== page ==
Our anticipated study length is 12 months. Due to potential sample size constraints from the pandemic, the study length may be adjusted to allow for more observations. Standard errors will be adjusted as necessary.
Experimental Design Details
Not available
Randomization Method
The method of randomization is by using a random number generator on a computer on the back-end to assign a treatment or control status for every family that goes to an evaluation team for the first time.
Randomization Unit
Our intervention will be randomized at the family (mother or else primary caretaker) level. For reports that do not include an identifiable mother, we will instead select an alternative primary caretaker. For repeat referrals, the treatment status is determined by the prior randomization assigned to the mother on the referral.
Was the treatment clustered?

Experiment Characteristics

Sample size: planned number of clusters
We anticipate running our analysis clustering at the team-day level to account for correlated decisions within a team in a given day. Our intervention is randomized within cluster. Given three teams, five work days per week, and roughly 12 months of intervention, we anticipate approximately 750 clusters.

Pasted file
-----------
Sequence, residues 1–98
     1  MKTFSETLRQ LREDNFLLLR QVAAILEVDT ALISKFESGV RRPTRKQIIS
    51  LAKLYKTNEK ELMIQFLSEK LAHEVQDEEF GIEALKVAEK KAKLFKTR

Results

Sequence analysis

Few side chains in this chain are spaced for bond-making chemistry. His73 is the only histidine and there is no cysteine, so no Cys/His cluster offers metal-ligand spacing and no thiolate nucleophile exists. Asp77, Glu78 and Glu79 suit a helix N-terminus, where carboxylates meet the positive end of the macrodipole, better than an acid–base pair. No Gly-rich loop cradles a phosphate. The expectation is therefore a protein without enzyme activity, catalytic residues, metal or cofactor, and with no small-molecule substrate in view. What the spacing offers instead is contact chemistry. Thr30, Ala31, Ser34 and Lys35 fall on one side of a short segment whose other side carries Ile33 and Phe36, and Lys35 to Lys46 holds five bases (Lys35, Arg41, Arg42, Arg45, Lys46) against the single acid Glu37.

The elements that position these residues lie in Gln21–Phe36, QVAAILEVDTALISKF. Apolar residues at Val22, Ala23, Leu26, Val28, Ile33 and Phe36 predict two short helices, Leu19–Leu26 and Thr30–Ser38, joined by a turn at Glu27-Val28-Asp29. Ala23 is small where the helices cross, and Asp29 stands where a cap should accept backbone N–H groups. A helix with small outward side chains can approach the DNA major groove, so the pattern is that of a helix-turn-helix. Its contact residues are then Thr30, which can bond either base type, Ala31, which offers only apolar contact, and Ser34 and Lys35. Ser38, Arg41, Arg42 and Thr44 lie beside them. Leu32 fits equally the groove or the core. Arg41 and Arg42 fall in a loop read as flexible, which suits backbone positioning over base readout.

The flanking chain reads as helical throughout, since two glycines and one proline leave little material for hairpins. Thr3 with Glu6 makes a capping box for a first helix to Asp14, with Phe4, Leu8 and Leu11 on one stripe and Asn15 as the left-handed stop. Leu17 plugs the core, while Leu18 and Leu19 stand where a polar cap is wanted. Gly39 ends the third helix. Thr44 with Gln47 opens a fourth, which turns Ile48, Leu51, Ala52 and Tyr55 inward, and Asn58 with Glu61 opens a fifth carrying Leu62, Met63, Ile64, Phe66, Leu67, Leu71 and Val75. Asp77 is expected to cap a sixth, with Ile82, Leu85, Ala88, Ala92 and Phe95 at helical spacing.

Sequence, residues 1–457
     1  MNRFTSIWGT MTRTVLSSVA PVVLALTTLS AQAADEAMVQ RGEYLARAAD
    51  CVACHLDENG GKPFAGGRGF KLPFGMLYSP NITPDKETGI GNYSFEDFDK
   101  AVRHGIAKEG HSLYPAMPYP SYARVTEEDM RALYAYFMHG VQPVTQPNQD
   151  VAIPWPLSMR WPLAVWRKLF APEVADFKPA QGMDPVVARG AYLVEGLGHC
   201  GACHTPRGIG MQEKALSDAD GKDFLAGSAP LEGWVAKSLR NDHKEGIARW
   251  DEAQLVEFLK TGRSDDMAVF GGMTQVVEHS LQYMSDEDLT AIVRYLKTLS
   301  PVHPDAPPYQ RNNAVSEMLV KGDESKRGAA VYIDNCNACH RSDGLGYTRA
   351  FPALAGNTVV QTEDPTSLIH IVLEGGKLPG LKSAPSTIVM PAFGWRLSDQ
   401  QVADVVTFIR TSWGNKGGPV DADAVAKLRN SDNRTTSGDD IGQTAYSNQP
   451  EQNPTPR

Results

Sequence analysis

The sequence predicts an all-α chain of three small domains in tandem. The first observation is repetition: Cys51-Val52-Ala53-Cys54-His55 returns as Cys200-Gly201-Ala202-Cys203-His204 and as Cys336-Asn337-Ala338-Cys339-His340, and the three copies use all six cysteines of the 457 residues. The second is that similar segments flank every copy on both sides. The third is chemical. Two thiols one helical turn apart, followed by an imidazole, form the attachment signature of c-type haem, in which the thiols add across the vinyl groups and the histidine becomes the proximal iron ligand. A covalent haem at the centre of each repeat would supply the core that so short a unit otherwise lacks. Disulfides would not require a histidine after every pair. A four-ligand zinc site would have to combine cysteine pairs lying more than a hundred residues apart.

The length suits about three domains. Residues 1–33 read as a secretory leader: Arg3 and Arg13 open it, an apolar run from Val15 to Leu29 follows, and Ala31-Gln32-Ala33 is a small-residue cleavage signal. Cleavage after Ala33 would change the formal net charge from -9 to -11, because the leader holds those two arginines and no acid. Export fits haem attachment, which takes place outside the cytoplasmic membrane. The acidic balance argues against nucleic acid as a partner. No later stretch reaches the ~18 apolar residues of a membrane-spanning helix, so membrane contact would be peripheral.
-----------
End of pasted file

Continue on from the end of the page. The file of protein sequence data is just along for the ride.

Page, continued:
Sample size: planned number of observations
Although our number of observations is uncertain due to lower caseloads during the COVID-19 pandemic, we anticipate 2,000-8,000 observations (referrals) during our study.
Sample size (or number of clusters) by treatment arms
Our anticipated sample size by treatment arm is approximately:
No score: 1,800
Score and explanation: 1,500
Score only: 300
Explanation only: 150
Minimum detectable effect size for main outcomes (accounting for sample design and clustering)
Given our preliminary calculations, we anticipate being able to detect a minimal effect size of approximately five percentage points off a mean close to 0.5, for example the change in the fraction of cases that screened in for investigation (significance level = 0.05, mean~=0.5, SD ~= 0.5).

Institutional Review Boards (IRBs)

IRB Name
Harvard University IRB
IRB Approval Date
IRB Approval Number
IRB Name
Princeton University IRB
IRB Approval Date
IRB Approval Number